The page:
Ideas for more advanced electrical projects

Discussion in 'General Electronics Chat' started by steve135, Jun 29, 2015.

  1. steve135

    Thread Starter New Member

    Jun 29, 2015
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    Hello Everyone,
    I am currently and electrical engineering student with just over a year left of my education, and unfortunately only two years of any type of exposure to electronics in general. I wanted to ask for opinions on types or basic examples of projects that might be considered impressive for an undergraduate? I want to build my experience through projects, a recent decision which has lead to far more learning than in the classroom setting. Sadly my most advanced project was a small embedded system to control shifting of a motorcycle engine using an electric solenoid, designed a discrete gate driver.
    I hope this post was appropriate,
    Thanks, Steve
     
  2. marioo1182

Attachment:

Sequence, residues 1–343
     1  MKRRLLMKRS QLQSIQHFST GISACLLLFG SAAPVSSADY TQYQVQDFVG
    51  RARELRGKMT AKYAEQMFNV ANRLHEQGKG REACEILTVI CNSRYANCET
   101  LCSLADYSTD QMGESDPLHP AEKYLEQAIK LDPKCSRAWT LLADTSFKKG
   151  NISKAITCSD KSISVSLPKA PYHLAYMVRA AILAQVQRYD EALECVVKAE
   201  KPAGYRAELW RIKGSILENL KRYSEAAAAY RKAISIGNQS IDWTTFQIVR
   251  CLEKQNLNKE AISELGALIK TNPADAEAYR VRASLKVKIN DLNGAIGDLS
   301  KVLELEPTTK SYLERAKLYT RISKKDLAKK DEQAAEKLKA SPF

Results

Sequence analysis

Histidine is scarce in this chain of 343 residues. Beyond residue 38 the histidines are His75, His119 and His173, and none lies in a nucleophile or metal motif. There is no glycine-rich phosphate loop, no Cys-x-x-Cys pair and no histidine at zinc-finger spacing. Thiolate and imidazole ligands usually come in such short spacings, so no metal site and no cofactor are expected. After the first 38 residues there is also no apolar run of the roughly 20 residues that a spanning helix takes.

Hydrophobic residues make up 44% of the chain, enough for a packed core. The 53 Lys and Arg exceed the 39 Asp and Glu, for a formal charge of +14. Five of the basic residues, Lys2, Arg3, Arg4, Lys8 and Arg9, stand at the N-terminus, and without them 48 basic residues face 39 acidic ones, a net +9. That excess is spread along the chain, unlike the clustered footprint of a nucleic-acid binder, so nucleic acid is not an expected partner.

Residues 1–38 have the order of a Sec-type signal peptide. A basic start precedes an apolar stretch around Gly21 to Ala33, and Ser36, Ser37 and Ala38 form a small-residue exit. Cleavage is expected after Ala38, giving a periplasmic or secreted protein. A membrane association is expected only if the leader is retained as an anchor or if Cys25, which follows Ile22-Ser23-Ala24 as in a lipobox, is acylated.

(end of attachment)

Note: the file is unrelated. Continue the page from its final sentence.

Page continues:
New Member

    Apr 20, 2015
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    Are you also familiar with digital systems? Such as a digital 24-hour clock?
    I'm assuming that would be no problem for you.
     
  3. steve135

    Thread Starter New Member

    Jun 29, 2015
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    You don't necessarily have to give an example of what you think I might be capable of, even if you think it's beyond me knowing what level of a project would convince a possible employer that I'm at the top as far as project experience goes.
     
  4. Alec_t

    AAC Fanatic!

    Sep 17, 2013
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    How about robotics, or controlling a quad-copter mission?
     
  5. ian field

    Distinguished Member

    Oct 27, 2012
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    To impress a potential employer, an idea that comes from you might work best, obviously not something you can get from any discount store, but something you can think of a use for that doesn't already exist.

    Most of my projects evolve that way - I think of something I want to do, and figure out how to do it.

    While you're pondering that one, you can look around at things that do exist - but aren't brilliant. Figure out how/why they're not doing it right, then start work on your own version that does the job better.

    The second example is less impressive - anyone can find fault with other peoples work. But the thought processes are still good exercise.
     
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  6. WBahn

    Moderator

    Mar 31, 2012